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Scientists at Cincinnati Zoo develop shot that prevents cats from getting pregnant

The non-surgical contraceptive alternative was developed at the Cincinnati Zoo and has shown positive results in the first trial.

CINCINNATI — Scientists at the Cincinnati Zoo announced they have developed a shot that can prevent cats from getting pregnant.

The scientists at the zoo, alongside collaborators from the Massachusetts General Hospital and Horae Gene Therapy Center, recently published their findings after a study lasting three years.

The shot is an Anti-Müllerian Hormone (AMH) gene therapy that will prevent pregnancies in cats long-term, the Cincinnati Zoo says.

The shot was developed as an alternative to the surgical procedure known as spaying, which removes the animals' ovaries, sterilizing it.

This new alternative could help reduce stray cat populations across the United States, researchers say.

Experts estimate that the stray cat population in the county ranges somewhere between 30 and 80 million cats.

A single shot to sterilize a female cat is much easier and more cost-effective than the traditional surgical option.

“The trap, neuter [spay], return model is difficult to achieve on a large scale because surgery requires general anesthesia, an adequately equipped surgical facility, and more veterinarians than are currently available,” said senior author and CREW’s Director of Animal Research, Dr. Bill Swanson (DVM, Ph.D.).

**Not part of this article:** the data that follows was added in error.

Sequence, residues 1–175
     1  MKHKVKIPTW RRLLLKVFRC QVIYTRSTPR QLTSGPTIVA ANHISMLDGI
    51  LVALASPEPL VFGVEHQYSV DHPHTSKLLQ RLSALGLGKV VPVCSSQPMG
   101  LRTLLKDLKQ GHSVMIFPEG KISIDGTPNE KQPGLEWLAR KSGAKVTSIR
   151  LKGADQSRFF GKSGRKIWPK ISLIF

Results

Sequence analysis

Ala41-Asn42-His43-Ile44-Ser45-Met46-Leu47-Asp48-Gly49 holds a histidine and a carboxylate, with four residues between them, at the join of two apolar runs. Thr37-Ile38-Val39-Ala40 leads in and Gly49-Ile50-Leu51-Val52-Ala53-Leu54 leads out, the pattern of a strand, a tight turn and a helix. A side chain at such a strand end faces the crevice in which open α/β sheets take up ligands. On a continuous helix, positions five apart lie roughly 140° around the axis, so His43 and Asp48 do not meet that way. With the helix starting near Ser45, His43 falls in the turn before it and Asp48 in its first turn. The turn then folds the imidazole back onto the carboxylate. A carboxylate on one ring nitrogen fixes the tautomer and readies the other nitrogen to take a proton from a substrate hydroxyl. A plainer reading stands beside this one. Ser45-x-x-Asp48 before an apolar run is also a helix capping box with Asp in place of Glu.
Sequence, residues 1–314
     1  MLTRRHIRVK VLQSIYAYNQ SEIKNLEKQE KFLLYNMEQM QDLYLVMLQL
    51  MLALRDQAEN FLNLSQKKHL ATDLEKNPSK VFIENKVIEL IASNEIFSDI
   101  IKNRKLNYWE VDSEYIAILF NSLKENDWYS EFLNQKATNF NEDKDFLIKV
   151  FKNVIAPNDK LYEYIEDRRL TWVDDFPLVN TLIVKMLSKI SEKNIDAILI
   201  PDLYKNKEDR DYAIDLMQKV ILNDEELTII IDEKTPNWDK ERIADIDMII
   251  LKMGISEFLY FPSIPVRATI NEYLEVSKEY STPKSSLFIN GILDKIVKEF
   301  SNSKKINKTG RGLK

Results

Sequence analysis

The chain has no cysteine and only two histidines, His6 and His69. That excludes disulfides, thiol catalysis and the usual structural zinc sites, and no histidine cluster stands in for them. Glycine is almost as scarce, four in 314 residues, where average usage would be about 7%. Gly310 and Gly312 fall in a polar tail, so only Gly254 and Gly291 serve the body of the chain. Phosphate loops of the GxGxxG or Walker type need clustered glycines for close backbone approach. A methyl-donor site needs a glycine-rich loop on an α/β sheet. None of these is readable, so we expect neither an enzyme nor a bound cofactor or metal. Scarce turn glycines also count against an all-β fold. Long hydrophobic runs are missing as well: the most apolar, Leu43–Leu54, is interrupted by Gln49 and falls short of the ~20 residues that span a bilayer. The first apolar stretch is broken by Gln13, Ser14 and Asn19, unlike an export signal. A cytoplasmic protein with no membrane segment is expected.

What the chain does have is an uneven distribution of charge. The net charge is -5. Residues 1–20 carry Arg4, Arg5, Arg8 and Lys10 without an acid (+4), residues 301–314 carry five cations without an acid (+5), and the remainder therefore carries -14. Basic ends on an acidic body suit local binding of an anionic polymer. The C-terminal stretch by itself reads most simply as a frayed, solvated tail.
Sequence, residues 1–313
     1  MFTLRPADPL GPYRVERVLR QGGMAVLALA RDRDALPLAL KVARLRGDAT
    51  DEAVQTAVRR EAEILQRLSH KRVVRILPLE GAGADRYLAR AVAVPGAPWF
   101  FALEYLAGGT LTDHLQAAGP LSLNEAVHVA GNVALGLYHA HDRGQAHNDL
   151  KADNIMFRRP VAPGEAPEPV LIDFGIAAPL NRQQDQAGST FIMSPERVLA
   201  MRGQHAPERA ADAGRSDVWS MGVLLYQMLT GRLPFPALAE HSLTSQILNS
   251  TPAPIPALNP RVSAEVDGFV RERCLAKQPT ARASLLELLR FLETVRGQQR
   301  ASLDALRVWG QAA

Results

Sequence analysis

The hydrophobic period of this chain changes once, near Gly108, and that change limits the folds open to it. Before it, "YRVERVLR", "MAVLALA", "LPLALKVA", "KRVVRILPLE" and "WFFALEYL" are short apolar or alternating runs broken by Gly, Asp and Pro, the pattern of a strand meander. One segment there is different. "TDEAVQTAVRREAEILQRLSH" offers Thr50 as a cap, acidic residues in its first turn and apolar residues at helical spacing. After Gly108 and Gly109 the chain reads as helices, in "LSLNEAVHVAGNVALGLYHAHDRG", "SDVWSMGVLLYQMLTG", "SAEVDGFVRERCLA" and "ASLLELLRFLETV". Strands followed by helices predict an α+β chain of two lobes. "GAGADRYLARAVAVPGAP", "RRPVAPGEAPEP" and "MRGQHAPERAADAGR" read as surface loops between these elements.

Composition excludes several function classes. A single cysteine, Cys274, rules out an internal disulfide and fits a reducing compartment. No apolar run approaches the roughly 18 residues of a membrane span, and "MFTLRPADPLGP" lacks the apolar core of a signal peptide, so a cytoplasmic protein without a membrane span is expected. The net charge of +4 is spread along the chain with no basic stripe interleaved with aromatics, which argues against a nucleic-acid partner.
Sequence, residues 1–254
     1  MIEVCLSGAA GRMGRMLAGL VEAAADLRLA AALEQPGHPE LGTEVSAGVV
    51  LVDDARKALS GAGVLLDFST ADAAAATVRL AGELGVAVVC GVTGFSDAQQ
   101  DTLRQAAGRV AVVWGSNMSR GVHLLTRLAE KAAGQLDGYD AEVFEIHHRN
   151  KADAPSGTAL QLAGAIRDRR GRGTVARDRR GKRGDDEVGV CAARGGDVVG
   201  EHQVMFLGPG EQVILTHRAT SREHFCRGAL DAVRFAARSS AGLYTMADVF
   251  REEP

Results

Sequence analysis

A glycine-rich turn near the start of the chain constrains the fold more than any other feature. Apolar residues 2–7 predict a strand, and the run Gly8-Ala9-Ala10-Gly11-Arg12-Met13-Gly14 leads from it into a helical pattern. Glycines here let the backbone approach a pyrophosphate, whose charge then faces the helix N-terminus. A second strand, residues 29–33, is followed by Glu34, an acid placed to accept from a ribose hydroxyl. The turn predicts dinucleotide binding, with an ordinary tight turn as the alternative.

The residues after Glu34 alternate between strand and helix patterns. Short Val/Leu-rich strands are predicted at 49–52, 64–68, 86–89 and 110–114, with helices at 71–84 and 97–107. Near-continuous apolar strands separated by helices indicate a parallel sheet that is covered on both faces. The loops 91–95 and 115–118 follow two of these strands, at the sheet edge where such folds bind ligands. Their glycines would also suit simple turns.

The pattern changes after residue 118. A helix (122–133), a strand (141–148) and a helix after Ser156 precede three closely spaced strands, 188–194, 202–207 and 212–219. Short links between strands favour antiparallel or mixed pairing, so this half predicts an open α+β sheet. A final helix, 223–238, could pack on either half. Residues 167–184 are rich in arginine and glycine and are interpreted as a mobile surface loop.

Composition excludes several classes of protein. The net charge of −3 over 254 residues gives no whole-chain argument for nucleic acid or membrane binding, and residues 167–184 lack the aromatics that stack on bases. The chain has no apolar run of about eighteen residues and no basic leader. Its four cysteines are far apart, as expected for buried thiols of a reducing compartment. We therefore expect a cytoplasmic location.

The study gave six cats the shot and used three cats as a control. The cats were then put through two four-month breeding trials where they were paired with a male. The three control cats all became pregnant and the ones who received the shot did not.

“A non-surgical sterilant for community and companion animals is long overdue and will transform animal welfare,” said Gary K. Michelson (MD), founder and co-chair of the Michelson Found Animals Foundation, which helped fund the study. “This breakthrough discovery is a major milestone in our quest to provide pet owners with an alternative to surgical spay and neuter.” 

After the breeding trials, the cats were monitored for three years and showed no signs of adverse effects from the shot.

After the three-year monitoring period, the cats were put up for adoption and several of them already found their forever home.

Even some of the zoo staff and volunteers adopted some of the cats used in the study.

The scientists hope that this new form of gene therapy will be approved for use on a larger scale and help reduce stray cat populations across the country.

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